The only real critique I have concerns ambient music that the game just plays over sandbox mode which, while it sounds pretty, can be very distracting and isn’t too great for a learning experience, since you may not know where that sound is coming from. You can mitigate it by selecting “sync” in the “System Source.” Turning down the music in the game’s settings will kill all sound, so it would be nice to have a dedicated option to kill the background music for the sake of learning and exploration.

While real music production software like VCV Rack is free and The Signal State is not, if you’re a beginner, you might find this game to be more helpful, as it offers tips and more clearly spells out the exact function of each module, which is something most pro-audio software doesn’t do. Also, modular synthesis can get really, really expensive. So learning on a $20 game might save you from making some costly mistakes in the future, such as spending money on gear you don’t yet know how to use or don’t actually have a use for. Buying an expensive piece of audio gear and then not using it is super normal for musicians (like that $3,000 custom guitar that’s been sitting in my closet for the last few years…), but The Signal State will help you avoid a lot of expensive bumps in the road that many fledgling musicians come across. But expect the real-world equivalent of what’s in this game to be expensive. I put a very simple synth together this year with just five modules for around $1,000. A perpetual $20 lesson in the form of this game can be a lifesaver if you’re serious. Then you can move onto VCV and go from there.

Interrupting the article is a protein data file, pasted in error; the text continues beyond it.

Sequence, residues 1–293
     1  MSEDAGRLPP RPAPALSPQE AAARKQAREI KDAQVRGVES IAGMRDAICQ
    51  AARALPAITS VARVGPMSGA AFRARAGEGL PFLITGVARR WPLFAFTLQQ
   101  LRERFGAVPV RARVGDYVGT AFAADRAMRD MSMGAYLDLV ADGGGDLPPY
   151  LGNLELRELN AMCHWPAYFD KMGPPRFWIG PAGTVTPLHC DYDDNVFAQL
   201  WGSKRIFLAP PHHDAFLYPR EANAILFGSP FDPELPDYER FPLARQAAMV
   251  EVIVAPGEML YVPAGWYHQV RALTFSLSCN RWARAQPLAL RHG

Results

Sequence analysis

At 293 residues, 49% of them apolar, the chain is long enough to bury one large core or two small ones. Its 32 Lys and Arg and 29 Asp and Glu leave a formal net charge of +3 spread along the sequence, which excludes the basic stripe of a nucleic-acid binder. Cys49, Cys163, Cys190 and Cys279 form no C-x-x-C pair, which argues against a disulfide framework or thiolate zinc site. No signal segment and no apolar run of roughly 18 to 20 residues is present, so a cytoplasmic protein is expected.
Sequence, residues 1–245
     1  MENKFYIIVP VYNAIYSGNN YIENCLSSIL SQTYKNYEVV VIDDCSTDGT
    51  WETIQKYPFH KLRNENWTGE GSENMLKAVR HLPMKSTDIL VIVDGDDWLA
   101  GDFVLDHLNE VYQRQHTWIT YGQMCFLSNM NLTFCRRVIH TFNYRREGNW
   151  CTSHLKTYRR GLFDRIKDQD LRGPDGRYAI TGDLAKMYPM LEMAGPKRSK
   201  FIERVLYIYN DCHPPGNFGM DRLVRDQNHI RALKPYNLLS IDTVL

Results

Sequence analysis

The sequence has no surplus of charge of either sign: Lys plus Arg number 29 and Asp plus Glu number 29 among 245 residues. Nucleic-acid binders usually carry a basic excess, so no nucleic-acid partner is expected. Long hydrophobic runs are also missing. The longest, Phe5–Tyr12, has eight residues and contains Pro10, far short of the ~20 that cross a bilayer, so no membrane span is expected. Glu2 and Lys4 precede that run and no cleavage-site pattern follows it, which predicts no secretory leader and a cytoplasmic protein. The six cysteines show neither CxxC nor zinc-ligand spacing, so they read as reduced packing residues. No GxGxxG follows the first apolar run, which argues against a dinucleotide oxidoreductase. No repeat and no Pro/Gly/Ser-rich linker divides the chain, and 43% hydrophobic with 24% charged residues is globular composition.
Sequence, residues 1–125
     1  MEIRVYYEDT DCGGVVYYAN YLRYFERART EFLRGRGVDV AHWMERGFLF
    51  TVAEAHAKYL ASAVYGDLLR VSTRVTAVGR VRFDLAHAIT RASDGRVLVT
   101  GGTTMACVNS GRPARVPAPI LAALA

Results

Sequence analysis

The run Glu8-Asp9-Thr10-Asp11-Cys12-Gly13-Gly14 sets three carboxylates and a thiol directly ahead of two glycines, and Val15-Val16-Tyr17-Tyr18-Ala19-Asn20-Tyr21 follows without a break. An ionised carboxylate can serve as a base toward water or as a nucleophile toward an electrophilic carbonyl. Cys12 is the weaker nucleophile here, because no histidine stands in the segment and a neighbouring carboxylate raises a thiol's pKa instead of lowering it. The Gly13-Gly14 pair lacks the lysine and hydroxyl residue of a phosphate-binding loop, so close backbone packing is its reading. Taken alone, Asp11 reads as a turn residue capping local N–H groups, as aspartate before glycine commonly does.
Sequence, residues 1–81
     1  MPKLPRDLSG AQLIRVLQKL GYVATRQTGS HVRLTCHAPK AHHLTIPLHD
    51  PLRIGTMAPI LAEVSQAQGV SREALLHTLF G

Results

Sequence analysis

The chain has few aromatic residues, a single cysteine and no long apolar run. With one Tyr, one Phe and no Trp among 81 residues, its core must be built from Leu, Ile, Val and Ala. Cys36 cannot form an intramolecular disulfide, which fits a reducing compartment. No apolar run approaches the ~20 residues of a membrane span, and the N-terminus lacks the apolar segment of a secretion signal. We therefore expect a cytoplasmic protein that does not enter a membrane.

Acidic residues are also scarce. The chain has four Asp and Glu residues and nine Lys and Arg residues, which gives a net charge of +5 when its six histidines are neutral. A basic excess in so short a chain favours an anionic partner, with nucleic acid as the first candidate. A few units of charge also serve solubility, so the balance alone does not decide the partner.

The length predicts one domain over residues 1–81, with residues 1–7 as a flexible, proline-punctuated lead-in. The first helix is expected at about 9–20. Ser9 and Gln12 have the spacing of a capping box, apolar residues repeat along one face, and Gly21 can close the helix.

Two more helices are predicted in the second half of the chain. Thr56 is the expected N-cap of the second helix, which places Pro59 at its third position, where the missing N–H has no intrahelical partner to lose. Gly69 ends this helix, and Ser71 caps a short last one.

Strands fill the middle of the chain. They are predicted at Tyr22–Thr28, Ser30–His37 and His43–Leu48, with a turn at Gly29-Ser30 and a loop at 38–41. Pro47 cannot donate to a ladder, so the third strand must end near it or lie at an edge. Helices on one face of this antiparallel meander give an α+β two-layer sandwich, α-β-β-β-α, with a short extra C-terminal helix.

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If you go through all of the game’s main puzzles and spend enough time in sandbox mode exploring and planning out patches, you’ll be way more ahead of where most people are when they get into Eurorack. So have fun making all the beeping sounds, setting up fun sequences, and try not to spend too much money after you plan out a real synth on modulargrid.net. Tip: Buy used and look for DIY kits. You’ll save a ton of money.

Taken from:

https://kotaku.com/signal-state-steam-modular-synth-electronic-music-learn-1849446880